What is rPET and Why Is It in Your Socks?

What is rPET and Why Is It in Your Socks?

If you’ve never heard the term PET, it refers to plastics – specifically those intended (at least at first) for plastic water bottles, food containers, and similar items. We all know these are not the most environmentally-friendly products, but you may not know all the ways recycled plastics can be so much more than just a feel-good component of everyday products.

What is PET?

PET stands for polyethyline terephyte. It's a plastic material derived from crude oil and commonly used in food and drink packaging -- water bottles, for example -- due to its relative strength and durability in a wide range of temperatures.

The two basic elements of PET are ethylene glycol and terephthalic acid (no, we can't pronounce it either). The two components are combined into a polymer, which is a type of mixture where the molecules are very large.

A liquid PET mixture can then be molded into any shape and cooled back to a solid without losing its integrity. It's durable and lightweight, making it ideal in a variety of ways for businesses that want to transport product to consumers.

So... What is rPET?

The 'r' in rPET stands for recycled, so rPET is the name given to Recycled Polyethylene Terephthalate materials that are recycled and re-used for a new purpose. While the process of extracting crude oil and developing PET is harmful to the environment, use of rPET materials enables businesses to reduce the waste created when the original product has finished serving its purpose.

The recycling process of taking PET materials and putting them to use in a new product involves a process whereby the plastic is turned into small flakes, melted down, and re-incorporated into a new plastic or other compound. This process helps to remove contaminants and get the PET material as close to its initial form as possible.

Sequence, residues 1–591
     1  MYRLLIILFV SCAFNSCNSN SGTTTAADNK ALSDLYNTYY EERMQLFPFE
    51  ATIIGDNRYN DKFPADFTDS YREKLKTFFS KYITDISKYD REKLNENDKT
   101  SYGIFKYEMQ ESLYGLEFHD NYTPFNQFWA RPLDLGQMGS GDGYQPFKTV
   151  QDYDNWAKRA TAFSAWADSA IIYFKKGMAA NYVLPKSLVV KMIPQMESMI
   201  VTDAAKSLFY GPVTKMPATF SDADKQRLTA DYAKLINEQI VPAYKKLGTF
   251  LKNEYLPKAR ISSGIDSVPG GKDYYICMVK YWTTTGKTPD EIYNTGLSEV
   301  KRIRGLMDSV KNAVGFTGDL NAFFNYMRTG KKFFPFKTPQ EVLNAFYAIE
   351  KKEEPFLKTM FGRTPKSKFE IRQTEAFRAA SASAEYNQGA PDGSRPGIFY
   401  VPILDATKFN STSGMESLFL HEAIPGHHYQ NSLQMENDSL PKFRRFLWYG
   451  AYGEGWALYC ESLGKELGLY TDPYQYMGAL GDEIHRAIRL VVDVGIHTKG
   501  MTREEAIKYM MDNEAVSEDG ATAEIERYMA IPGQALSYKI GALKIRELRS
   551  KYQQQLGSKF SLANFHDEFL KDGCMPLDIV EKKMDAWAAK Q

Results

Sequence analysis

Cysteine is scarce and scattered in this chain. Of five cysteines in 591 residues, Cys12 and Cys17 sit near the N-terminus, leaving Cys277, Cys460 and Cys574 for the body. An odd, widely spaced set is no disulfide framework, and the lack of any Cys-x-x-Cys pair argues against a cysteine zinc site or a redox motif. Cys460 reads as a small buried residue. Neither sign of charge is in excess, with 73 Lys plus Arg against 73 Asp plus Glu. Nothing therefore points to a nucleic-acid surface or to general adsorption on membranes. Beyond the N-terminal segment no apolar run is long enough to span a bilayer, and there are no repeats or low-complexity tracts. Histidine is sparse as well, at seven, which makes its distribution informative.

Evolution of Recycled PET Use

rPET has come a long way, both in how it's processed and how it's used.

With the known benefits and utility of PETs, businesses seeking cost efficiencies (and maybe some good PR) have found many ways to take advantage of the recycled plastics. Some of the more common uses include:

  • Shoes and sneakers
  • Athletic socks
  • Luggage
  • Backpacks
  • Paper products
  • Packaging materials

Initially, rPET was not frequently used in food containers due to issues ensuring the recycled and reprocessed materials would still be clean and non-toxic. As systems improved, this became easier to do, and there are now many cases of rPET being integrated into plastic bottles and other food packaging.

New innovative rPET uses are popping up all the time! And organizations and stakeholders like Closed Loop Partners keep tabs on this industry and recommend efficiencies and alternatives to improve the utilization of recycled PET.

What Impact Does rPET have?

"In 2018, approximately 6,270 million pounds of PET bottles were sold into the marketplace in the US. About 29.0 percent of those—1,816 million pounds—were collected through recycling programs and sold."

- National Association for PET Container Resources (NAPCOR), 2019 [source]

Those are some big numbers, and although nearly two billion pounds of recycled PETs is truly a result to be proud of, there are still about four billions pounds of PET bottles heading into the trash.

The amount of energy required to recycle and re-use an rPET bottle is less than the energy required to create a new PET bottle, meaning a smaller carbon footprint. And what's more, not all of the bottles that are recycled and purchased actually make it into a "second career" in another use. So, it's vitally important that there is constant innovation and focus on not only recycling more PET, but making better use of what we do recycle.

How WORN's Arrowool Utilizes rPET

Fiber, as a category, represents a large portion of rPET utilization, and WORN is proud to be a contributor to that cause.

In fact, WORN doesn't just contribute; one of the pillars of its business, Arrowool, is created with rPET fiber. Yes, to put it simply, WORN makes socks from recycled plastic bottles.

Arrowool is a proprietary material, created from a blend of high quality merino wool and rPET fiber. The result is a material that combines the softness and moisture-wicking properties of the merino with the durability and elasticity of the recycled plastic polymers found in rPET.

Arrowool helps WORN offer extremely comfortable, long-lasting socks you can feel good about putting on your feet.